EnclosureUSA.com presents a small portion of the text taken from my book Cap-Com, The Economics Of Balance, 1995 -- Reviewing the historical phenomenon of enclosure is essential to understanding the nature of our latter-day "free market" capitalism with its gross and growing imbalance of power between capital and labor, and the socio-economic impotence of the vast wage-laboring majority.
Driven off the land, corralled in the urban economy, no exit from the daily grind, no refuge on a personal or communal plot, dissent and protest criminalized, fired for joining a union, job exported, surveillance everywhere, in the unemployment line for smoking off the job, imprisoned for smoking a plant, bankrupt from healthcare expense, no way to counter the power of employers or ability to escape the "free market" for any length of time? Welcome to EnclosureUSA
- Enclosure Thru The Ages -
"The royal policy of disafforestation and enclosure... involved disrupting a way of life, a brutal disregard for the rights of commoners... a consequence of the policy was to force men to sole dependence on wage labour, which many regarded as little better than slavery."
"In England, the beginnings of capitalism lie in the "Enclosure Movement' during which large landlords deprived peasants of tenant rights and right to use common land. This gave the landlords more property but made poor peasants property-less and drove them into the towns."
Enclosure is the historical term applied to the efforts over the centuries by the rich and powerful to drive local farmers and indigenous peoples off their land and commons, all in order to gain control and privatize in the hands of the already wealthy more fertile farm lands, water supplies, timber, oil, and mineral resources. In effect, it has meant an imperialism writ large in the name of "greater productivity" and ruling-class policies of outright theft and judicial piracy - ongoing for centuries and serving to eliminate natural freedom, diversity, democracy, and cooperative enterprise.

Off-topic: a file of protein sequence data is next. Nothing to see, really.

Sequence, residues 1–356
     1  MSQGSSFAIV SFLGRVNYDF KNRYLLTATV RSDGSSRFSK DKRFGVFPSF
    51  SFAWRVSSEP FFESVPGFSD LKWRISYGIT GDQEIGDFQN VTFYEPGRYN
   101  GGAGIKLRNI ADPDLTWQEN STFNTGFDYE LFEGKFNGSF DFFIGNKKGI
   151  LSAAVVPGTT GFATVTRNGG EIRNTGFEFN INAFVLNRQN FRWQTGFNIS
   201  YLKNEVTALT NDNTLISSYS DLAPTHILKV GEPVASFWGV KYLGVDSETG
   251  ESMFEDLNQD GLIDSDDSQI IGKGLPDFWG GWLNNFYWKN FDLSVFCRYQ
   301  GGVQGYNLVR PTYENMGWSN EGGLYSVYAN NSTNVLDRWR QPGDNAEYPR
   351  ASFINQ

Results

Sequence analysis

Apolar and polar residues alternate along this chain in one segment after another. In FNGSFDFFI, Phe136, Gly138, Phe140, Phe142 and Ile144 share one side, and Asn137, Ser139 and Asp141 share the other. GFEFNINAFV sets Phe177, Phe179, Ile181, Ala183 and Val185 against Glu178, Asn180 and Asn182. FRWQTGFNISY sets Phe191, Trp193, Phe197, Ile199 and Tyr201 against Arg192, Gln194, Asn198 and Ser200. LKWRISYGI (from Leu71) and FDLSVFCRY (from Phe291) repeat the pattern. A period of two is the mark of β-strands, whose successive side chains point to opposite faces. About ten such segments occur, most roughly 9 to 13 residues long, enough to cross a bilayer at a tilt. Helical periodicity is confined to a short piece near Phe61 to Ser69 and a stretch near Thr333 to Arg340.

The reason for this re-examination of enclosure and its socio-economic implications is to better understand both the sordid history and oligarchy-tinged philosophy of the "free market," it's origins in English Aristocracy and imperialism, and to generally aid in discerning where we have come from and where we are headed today.
Of primary importance to free markets and democracy is the relative power of labor and capital. Wherever one "factor" is able to suppress the other then markets and democracies are neither free nor economic. Without a larger perspective and better understanding of history our very definitions of freedom and free markets are increasingly meaningless. As defined by capital these terms simply redound to the benefit of those who would enclose the world in their corrupt, self-interested, and empty meanings of "freedom" "liberty" and "democracy".
As a rule, apologists for "free market" economics (as defined and controlled by capital) have mostly ignored and buried the less glorious history of capitalism. In fact, all too many economists still see both history's, and our latter-day, enclosures as allowing for more economical and productive uses of the land and resources - i.e., a privatization uber alles. Of course, this is as if a greater and greater productivity - measured in amoral, ecologically corrupt, and labor-denying statistics - is somehow the Sina Qua Non of our existence, or even comes close to defining the root meaning and broader aspect of the word "economics."
" A wage-earner who had lost his common rights would be much more dependent on his employer than one who had not. Enclosure... will give the poor an interest in toiling, whom terror never yet could enure to travail."
Adam Moore, 1653
Clearly, capital's apologist's continue to ignore the effects of labor's diminished and disenfranchised estate, and its effects on economy and democracy. As a result of enclosure's long-lasting effects, economics and capitalism in all too many locales has become inherently fascist and "democracy" remains little more than a sham.